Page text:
An analysis of GlobalData’s Clinical Trials Database shows that over the course of the last ten years or so, Iran has consistently been a leader in terms of the number of Phase III clinical trials carried out in women’s health (Figure 1). The analysis only included planned, active or completed trials, excluding those that had been withdrawn, terminated or suspended. Active trials per year for Iran ranged from 58 in 2015 to 115 in 2019, with the next highest trials per year for a country being the US in 2016 at 22 trials.
Iran’s dominance in this therapy area is spread fairly comprehensively across many indications, with more trials than any other country in most indications. However, the overall data is possibly skewed by an overwhelming lead in Phase III trials for polycystic ovarian syndrome (PCOS), with Iran carrying out more than double the number of trials as all other countries combined. PCOS is difficult to diagnose, generally under-researched, and can lead to infertility or other serious health conditions such as coronary heart disease. Many Iranian trial sites have focused on the effect of various supplements on those with PCOS. In other indications such as pre-eclampsia and endometriosis, while not as large a majority, it is still undoubtedly Iran that leads the area of research.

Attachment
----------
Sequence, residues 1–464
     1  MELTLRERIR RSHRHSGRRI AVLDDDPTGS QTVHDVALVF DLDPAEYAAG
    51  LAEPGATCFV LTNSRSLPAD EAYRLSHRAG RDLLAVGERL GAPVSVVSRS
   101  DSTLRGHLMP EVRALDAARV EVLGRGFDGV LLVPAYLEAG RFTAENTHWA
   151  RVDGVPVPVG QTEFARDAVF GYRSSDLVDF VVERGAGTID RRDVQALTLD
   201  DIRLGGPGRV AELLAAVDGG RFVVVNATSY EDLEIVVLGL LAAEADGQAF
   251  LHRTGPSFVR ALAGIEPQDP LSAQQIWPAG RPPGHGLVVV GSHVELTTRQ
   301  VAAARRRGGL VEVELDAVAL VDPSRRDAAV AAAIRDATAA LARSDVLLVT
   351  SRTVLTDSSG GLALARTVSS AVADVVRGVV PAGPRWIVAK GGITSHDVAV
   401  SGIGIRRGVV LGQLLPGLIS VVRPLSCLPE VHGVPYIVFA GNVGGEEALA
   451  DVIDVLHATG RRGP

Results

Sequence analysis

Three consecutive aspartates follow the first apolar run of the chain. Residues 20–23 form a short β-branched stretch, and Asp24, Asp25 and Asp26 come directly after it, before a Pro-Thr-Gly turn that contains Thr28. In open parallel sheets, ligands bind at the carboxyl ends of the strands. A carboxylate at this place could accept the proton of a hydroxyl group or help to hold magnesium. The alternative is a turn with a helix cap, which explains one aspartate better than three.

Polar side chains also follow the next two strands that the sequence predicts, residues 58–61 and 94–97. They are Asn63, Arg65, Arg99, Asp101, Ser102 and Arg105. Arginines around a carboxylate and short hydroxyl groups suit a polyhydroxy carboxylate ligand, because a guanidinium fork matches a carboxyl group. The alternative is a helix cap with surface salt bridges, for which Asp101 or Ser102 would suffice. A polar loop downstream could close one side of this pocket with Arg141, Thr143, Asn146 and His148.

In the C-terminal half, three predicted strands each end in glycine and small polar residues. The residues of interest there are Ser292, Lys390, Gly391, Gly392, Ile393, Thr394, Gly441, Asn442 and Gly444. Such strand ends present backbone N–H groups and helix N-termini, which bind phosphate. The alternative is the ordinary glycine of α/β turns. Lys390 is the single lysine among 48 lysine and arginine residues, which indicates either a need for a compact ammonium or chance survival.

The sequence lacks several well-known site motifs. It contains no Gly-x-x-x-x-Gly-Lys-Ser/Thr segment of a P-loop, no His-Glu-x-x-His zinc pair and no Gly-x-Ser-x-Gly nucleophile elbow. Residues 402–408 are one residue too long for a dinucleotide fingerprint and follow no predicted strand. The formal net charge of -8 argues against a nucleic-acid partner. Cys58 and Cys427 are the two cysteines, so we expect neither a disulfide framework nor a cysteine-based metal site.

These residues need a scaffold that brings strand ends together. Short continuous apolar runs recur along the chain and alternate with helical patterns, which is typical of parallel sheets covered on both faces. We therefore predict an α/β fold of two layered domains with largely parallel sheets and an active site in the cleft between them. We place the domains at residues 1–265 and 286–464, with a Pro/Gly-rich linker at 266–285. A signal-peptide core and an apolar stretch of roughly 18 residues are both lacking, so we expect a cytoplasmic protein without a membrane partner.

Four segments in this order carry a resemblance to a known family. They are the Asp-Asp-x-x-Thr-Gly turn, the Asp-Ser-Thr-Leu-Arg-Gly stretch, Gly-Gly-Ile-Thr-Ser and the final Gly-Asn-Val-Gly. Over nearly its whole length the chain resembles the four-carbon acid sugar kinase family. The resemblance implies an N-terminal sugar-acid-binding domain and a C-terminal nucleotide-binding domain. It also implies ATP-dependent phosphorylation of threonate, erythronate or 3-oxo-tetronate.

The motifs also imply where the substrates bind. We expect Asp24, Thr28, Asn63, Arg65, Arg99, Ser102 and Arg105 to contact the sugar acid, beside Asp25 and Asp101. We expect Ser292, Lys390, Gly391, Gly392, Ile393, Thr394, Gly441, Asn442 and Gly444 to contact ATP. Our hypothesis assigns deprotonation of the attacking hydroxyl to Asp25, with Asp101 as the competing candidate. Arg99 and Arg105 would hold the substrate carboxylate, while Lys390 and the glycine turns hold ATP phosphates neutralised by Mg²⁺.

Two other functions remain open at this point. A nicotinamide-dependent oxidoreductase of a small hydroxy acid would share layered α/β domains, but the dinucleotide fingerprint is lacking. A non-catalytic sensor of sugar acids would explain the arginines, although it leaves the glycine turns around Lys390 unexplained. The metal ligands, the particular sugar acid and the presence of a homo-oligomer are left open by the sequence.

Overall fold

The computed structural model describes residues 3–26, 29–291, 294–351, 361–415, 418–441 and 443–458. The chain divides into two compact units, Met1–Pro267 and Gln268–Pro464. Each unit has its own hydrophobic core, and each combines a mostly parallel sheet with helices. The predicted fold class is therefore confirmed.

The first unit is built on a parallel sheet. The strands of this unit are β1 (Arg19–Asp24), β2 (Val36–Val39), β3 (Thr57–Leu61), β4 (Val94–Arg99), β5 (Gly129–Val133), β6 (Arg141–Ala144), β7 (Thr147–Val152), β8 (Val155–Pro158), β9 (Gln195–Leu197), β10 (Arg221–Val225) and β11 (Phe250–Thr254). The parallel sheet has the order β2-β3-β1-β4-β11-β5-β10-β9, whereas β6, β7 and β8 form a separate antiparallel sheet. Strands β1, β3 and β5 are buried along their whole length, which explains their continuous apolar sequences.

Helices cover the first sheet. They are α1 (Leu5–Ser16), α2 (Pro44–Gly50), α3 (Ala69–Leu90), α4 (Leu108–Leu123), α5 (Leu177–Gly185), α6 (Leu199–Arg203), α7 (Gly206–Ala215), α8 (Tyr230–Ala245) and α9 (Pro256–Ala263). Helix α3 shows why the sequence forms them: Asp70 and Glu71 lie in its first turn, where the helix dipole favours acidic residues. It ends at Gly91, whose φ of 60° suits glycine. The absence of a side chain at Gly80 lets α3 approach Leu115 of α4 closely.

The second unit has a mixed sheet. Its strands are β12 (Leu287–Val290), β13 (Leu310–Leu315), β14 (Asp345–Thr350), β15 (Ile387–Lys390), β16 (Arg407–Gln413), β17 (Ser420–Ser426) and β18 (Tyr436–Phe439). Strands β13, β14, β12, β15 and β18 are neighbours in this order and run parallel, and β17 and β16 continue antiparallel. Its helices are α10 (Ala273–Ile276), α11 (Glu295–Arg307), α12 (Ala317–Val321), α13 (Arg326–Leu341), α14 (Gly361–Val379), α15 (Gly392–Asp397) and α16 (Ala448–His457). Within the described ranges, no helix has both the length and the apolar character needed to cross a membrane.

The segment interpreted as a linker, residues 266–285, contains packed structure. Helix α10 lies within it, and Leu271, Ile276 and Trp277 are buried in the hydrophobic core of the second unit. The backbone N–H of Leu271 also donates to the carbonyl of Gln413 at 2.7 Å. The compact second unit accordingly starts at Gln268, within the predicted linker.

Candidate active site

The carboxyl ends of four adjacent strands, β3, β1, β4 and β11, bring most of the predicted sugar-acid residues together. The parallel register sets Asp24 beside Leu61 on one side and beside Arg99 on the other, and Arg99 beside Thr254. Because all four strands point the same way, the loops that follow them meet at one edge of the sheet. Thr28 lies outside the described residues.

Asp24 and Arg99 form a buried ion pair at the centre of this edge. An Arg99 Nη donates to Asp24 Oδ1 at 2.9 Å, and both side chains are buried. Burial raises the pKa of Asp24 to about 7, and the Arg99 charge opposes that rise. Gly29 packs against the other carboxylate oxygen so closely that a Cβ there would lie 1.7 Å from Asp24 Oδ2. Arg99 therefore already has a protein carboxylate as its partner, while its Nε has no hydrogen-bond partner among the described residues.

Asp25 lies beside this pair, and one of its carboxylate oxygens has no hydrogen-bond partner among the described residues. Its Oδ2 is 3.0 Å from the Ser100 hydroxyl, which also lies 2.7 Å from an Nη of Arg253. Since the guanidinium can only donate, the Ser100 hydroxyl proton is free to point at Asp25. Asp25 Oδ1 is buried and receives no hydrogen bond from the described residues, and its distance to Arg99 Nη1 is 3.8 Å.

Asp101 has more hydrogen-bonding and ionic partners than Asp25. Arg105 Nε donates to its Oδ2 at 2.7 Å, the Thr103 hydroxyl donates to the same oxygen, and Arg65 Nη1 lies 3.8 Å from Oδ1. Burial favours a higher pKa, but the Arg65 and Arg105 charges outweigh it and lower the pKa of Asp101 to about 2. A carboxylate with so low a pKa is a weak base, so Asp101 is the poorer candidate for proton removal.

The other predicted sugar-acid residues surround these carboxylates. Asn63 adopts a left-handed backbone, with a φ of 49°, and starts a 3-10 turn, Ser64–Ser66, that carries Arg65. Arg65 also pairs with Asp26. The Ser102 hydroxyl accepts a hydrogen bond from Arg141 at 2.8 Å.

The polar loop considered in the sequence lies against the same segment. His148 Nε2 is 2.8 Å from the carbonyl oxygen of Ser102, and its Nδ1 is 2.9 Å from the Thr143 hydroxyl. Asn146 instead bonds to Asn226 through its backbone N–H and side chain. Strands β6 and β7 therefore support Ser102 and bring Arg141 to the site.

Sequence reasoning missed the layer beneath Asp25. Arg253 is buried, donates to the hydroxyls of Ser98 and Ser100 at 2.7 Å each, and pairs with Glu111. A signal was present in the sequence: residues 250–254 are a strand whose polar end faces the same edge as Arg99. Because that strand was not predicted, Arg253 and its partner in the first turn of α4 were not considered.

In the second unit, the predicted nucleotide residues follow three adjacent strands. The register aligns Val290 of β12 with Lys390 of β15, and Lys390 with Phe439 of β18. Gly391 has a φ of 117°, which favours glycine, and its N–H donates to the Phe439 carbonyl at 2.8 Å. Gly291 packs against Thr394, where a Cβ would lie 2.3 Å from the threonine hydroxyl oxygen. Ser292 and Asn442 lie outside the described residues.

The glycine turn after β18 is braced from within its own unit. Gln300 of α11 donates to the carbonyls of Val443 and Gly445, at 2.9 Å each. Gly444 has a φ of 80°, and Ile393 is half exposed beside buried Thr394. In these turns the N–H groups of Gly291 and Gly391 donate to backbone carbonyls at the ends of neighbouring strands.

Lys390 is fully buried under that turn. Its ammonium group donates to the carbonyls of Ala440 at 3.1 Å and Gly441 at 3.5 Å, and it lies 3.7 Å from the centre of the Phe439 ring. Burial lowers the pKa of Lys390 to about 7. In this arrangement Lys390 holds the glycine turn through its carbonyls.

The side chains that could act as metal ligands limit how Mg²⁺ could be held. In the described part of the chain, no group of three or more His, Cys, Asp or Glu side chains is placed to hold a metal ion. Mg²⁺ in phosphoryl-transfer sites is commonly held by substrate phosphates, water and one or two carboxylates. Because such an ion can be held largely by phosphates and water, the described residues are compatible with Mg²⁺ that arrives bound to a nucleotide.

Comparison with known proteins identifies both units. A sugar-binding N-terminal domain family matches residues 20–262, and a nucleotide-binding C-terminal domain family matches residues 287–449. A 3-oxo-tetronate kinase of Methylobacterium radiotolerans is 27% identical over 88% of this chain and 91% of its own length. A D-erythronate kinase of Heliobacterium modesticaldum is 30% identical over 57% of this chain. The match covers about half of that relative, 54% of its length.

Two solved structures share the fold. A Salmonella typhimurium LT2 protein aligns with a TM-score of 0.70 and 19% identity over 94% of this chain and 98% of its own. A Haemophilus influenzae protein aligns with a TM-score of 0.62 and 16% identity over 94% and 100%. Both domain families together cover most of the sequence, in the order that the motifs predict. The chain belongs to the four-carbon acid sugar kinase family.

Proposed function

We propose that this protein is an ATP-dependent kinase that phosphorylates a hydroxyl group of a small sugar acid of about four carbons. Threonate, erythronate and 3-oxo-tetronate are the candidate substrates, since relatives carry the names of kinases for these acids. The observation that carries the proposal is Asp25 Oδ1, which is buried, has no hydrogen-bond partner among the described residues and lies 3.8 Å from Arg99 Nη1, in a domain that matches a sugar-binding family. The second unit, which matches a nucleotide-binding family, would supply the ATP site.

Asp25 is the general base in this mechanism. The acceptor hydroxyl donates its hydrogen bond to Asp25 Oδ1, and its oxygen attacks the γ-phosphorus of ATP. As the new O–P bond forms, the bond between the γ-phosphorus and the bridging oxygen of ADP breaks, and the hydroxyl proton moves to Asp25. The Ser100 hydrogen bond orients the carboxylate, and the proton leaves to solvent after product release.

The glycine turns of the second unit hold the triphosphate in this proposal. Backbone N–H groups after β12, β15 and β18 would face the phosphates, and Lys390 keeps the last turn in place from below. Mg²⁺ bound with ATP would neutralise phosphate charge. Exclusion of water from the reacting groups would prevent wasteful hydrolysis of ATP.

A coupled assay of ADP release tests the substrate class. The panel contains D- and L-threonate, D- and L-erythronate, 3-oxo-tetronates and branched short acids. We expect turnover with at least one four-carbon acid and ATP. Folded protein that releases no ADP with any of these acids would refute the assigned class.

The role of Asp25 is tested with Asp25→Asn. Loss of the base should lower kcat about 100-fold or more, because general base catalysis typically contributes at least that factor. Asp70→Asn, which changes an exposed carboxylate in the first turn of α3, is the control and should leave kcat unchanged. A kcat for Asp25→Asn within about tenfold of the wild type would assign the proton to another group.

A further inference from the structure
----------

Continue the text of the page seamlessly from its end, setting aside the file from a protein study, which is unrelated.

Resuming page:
Following the Islamic revolution in Iran in 1979, there has been a sustained push to segregate healthcare by gender. A key part of this is facilitating the formation of female-only hospitals, with an end goal of them being staffed entirely by female healthcare professionals. At present, the lack of female doctors has caused issues with the development of the programme, but nevertheless, there are several female-only hospitals operational in Iran, mostly attached to universities and medical schools.
One of these hospitals, the Arash Women’s Hospital in Tehran, has been the site for 38 Phase III trials in women’s health over the past ten years, more than any other trial site in the world. It is possible that this process of segregating hospitals invites more attention to women’s health issues than would arise in a typical hospital, and as such are more likely to form the focus of clinical trials.